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What a sick, demented, hate-filled bunch...

From Tapes, a Chilling Voice of Islamic Radicalism in Europe
Published: November 18, 2005

from the New York Times

MILAN - Playing an Internet video one evening last year, an Egyptian radical living in Milan reveled as the head of an American, Nicholas Berg, was sawed off by his Iraqi captors.

Yahia Ragheh, foreground, and Rabei Osman Sayed Ahmed being led into a Milan court last month, charged with ties to a terror network
Mauro Bottaro/Fotogramma

"Go to hell, enemy of God!" shouted the man, Rabei Osman Sayed Ahmed, as Mr. Berg's screams were broadcast. "Kill him! Kill him! Yes, like that! Cut his throat properly. Cut his head off! If I had been there, I would have burned him to make him already feel what hell was like. Cut off his head! God is great! God is great!"

Yahia Ragheh, the Egyptian would-be suicide bomber sitting by Mr. Ahmed's side, clearly felt uncomfortable.

"Isn't it a sin?" he asked.

"Who said that?" Mr. Ahmed shot back. "It is never a sin!" He added: "We hope that even their parents will come to the same end. Dogs, all of them, all of them. You simply need to be convinced when you make the decision."

Unconvinced, Mr. Ragheh replied: "I think that it is a sin. I simply think it is a sin."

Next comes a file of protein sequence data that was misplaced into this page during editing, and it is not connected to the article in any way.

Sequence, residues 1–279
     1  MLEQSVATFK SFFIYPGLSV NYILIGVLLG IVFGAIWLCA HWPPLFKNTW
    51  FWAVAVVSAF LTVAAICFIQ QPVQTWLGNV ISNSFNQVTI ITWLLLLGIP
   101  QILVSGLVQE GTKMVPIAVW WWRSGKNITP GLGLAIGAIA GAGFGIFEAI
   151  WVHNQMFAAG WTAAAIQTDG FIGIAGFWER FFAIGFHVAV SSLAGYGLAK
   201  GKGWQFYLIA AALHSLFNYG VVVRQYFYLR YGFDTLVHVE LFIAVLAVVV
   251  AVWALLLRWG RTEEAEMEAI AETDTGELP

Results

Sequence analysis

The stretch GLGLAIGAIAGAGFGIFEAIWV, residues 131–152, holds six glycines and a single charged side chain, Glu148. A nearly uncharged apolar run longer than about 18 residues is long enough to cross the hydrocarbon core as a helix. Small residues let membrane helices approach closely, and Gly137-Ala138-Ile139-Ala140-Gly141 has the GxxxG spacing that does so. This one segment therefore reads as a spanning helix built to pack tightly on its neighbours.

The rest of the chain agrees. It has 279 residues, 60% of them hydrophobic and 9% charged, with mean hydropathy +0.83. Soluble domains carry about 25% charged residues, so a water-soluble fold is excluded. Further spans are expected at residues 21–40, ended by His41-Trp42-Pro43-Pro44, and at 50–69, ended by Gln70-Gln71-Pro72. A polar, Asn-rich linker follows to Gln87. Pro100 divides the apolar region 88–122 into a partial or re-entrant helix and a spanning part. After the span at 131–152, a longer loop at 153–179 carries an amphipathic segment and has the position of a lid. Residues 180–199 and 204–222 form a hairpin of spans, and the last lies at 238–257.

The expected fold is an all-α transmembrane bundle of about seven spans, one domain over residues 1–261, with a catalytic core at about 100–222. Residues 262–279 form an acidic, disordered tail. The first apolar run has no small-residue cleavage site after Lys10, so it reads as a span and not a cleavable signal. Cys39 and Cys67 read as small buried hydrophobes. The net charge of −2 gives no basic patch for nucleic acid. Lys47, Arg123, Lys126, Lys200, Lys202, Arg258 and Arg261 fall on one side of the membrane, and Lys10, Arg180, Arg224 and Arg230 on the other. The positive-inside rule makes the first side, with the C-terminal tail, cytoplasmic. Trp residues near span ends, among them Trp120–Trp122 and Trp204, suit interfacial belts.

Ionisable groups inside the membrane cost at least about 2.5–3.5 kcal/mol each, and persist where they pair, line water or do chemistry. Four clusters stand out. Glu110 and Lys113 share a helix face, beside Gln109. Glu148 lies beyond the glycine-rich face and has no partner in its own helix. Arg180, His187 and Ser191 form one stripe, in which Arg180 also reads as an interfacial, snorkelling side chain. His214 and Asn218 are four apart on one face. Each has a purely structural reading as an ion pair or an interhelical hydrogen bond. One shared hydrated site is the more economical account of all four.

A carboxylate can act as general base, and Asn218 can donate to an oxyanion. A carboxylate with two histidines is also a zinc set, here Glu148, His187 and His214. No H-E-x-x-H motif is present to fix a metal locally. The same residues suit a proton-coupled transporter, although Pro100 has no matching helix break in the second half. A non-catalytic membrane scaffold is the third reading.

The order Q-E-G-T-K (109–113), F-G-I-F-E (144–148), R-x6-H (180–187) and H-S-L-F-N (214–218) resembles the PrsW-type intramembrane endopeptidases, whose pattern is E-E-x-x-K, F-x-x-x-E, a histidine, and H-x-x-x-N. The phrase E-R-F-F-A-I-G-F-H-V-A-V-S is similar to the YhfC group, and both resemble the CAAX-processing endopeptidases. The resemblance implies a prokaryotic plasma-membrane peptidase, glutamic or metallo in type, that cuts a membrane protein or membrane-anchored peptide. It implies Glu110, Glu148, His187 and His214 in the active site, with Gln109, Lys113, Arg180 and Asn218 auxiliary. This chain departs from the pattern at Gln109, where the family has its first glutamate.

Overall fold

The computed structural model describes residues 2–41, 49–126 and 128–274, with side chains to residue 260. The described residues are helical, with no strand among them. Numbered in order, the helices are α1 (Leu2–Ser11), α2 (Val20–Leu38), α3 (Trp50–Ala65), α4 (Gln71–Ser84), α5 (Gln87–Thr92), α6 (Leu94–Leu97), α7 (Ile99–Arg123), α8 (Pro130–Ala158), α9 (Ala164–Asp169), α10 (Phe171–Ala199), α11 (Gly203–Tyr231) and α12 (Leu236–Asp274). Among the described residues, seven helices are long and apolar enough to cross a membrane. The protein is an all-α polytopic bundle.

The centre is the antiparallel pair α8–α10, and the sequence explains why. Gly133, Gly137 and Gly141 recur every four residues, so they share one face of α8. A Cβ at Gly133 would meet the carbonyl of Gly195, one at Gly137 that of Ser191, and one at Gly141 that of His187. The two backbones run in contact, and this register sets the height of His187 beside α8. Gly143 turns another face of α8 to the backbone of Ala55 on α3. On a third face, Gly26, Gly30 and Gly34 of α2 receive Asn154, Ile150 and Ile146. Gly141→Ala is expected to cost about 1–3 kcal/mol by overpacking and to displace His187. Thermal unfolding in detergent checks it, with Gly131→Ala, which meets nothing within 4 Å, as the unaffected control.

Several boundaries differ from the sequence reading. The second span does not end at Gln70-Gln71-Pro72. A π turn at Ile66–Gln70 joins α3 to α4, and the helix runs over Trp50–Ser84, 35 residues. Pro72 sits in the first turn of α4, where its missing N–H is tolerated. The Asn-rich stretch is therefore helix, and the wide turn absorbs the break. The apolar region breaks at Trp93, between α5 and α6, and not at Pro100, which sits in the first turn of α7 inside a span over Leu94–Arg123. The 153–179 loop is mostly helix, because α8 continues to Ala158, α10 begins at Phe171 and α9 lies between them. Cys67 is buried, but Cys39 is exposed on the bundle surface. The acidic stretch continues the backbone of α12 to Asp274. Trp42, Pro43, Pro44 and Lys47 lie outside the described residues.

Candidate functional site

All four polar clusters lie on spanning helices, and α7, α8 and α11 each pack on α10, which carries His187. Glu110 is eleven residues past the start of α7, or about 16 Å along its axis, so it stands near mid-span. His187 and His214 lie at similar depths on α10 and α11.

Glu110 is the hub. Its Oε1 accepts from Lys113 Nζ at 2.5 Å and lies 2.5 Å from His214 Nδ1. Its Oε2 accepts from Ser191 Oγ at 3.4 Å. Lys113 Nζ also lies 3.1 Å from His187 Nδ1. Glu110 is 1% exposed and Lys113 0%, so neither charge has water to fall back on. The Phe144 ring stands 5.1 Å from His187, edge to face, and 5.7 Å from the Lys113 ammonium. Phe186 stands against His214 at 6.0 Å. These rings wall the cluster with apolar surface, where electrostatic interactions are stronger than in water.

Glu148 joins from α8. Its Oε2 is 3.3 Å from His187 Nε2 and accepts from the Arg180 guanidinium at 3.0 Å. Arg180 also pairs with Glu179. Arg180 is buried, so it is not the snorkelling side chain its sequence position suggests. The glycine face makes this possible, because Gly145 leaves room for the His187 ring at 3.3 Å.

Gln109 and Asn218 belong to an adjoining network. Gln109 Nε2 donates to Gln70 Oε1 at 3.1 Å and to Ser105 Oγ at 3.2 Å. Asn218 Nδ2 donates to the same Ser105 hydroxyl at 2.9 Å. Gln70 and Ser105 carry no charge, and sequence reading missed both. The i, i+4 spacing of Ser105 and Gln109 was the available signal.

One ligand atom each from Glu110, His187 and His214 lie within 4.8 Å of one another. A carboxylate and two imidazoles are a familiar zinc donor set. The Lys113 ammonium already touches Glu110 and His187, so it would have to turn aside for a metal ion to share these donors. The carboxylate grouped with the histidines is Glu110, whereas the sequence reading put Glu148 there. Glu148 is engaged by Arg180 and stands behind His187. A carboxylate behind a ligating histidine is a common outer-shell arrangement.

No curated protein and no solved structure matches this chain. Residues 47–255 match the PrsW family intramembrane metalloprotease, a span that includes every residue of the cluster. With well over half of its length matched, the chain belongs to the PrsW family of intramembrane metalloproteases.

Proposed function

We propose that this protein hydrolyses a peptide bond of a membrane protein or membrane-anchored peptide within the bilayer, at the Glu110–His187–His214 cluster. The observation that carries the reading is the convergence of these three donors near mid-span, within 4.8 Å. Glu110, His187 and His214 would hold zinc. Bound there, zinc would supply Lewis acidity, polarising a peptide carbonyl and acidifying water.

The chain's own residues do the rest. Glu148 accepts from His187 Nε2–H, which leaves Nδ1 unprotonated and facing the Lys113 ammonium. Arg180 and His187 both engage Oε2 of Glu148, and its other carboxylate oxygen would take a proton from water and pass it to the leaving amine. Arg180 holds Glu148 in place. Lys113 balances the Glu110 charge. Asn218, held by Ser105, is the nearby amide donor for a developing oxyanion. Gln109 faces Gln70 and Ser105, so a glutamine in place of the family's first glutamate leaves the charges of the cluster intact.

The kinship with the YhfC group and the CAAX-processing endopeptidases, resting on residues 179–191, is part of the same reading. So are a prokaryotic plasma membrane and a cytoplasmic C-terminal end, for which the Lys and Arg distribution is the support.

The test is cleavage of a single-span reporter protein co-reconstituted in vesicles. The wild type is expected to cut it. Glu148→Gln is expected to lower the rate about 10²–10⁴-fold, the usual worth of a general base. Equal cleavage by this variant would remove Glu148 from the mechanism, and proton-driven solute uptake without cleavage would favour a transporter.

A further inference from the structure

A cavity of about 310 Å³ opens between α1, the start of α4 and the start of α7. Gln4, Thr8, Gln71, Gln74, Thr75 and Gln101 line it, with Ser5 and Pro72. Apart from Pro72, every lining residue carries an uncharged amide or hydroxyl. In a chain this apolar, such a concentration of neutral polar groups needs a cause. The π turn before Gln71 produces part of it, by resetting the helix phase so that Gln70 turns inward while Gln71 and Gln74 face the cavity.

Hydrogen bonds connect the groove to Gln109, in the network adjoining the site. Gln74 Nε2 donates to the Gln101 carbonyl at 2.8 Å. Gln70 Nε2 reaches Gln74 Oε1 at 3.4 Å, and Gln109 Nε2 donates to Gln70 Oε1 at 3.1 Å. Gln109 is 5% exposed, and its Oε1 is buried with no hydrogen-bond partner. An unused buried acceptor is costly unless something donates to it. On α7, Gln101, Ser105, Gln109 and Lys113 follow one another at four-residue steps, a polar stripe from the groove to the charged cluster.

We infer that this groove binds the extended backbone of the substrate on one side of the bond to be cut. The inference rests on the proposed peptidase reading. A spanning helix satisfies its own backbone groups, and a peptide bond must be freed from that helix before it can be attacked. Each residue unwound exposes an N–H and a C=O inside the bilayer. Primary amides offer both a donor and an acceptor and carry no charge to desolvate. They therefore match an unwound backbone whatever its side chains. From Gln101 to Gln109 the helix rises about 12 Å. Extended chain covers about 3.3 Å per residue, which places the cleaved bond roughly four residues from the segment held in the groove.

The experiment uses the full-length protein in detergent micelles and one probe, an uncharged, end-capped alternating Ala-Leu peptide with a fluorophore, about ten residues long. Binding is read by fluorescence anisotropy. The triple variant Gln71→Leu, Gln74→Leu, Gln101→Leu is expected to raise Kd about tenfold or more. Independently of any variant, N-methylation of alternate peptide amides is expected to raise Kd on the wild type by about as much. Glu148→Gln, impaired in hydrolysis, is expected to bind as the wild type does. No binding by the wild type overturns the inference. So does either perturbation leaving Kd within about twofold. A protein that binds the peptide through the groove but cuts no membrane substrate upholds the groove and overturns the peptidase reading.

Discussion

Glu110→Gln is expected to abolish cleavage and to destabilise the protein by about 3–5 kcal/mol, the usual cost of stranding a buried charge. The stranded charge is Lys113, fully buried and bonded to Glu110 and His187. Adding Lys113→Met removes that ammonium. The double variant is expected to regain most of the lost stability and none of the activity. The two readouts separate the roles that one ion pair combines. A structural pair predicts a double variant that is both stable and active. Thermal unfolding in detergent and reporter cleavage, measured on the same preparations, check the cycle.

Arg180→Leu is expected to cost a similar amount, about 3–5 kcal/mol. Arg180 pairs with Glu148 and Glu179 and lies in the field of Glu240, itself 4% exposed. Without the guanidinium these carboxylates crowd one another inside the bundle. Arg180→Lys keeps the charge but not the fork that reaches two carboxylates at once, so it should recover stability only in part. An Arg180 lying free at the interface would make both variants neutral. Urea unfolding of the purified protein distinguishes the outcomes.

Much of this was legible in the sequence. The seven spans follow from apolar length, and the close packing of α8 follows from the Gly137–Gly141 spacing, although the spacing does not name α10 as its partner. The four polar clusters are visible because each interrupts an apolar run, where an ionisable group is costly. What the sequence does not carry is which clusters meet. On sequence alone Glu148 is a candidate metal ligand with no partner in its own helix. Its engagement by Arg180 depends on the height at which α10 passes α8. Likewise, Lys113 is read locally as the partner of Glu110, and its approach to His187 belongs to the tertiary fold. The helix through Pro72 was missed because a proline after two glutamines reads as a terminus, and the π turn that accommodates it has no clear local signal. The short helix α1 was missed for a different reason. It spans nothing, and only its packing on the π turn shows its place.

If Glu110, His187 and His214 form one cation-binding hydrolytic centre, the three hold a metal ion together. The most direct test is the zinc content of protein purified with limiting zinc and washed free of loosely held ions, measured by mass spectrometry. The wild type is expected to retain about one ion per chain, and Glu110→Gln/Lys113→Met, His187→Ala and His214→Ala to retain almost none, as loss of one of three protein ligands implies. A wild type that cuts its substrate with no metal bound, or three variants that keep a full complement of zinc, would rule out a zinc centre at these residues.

The blunt exchange is contained in an 182-page official Italian police report that has not been made public, but is widely available in court circles and frames the judicial case against the two men. "The Madrid attack was my project, and those who died as martyrs were my dearest friends," Mr. Ahmed boasted in one intercepted conversation.

He and Mr. Ragheh, his 22-year-old disciple, will be tried in Milan in January under a contentious law passed after the Sept. 11 attacks in the United States that makes association with an international terrorist network a crime.

The indictment calls Mr. Ahmed an "organizer of the terrorist group responsible for the Madrid attacks," a "recruiter of numerous people ready to commit suicide attacks," and a "coordinator of terrorist cells" abroad. The police report charges that he used cassette tapes, cellphones, CD's and computers as recruitment tools, highlighting how the Internet potentially can transform any living room into a radical madrasa.

Read the rest, here.
I originally saw a link to this article at LGF, a most excellent site. Please visit them, you'll learn much.
Saturday, November 19, 2005 :: ::
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